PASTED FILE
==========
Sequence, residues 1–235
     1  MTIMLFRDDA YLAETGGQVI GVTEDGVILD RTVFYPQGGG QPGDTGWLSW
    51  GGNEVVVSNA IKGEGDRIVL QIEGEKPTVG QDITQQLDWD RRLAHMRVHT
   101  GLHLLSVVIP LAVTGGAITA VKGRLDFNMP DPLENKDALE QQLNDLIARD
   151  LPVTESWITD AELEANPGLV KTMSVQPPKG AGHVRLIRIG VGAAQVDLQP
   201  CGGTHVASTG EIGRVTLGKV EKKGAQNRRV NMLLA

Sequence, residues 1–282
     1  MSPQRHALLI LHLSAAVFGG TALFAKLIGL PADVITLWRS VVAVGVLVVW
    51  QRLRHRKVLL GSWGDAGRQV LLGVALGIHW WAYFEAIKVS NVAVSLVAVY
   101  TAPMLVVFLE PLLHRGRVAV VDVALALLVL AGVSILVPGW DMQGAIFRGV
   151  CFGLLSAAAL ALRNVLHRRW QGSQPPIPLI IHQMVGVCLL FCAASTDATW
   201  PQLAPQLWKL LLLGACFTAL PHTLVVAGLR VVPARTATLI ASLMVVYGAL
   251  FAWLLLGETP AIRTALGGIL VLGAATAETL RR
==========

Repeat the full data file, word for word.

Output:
Sequence, residues 1–235
     1  MTIMLFRDDA YLAETGGQVI GVTEDGVILD RTVFYPQGGG QPGDTGWLSW
    51  GGNEVVVSNA IKGEGDRIVL QIEGEKPTVG QDITQQLDWD RRLAHMRVHT
   101  GLHLLSVVIP LAVTGGAITA VKGRLDFNMP DPLENKDALE QQLNDLIARD
   151  LPVTESWITD AELEANPGLV KTMSVQPPKG AGHVRLIRIG VGAAQVDLQP
   201  CGGTHVASTG EIGRVTLGKV EKKGAQNRRV NMLLA

Sequence, residues 1–282
     1  MSPQRHALLI LHLSAAVFGG TALFAKLIGL PADVITLWRS VVAVGVLVVW
    51  QRLRHRKVLL GSWGDAGRQV LLGVALGIHW WAYFEAIKVS NVAVSLVAVY
   101  TAPMLVVFLE PLLHRGRVAV VDVALALLVL AGVSILVPGW DMQGAIFRGV
   151  CFGLLSAAAL ALRNVLHRRW QGSQPPIPLI IHQMVGVCLL FCAASTDATW
   201  PQLAPQLWKL LLLGACFTAL PHTLVVAGLR VVPARTATLI ASLMVVYGAL
   251  FAWLLLGETP AIRTALGGIL VLGAATAETL RR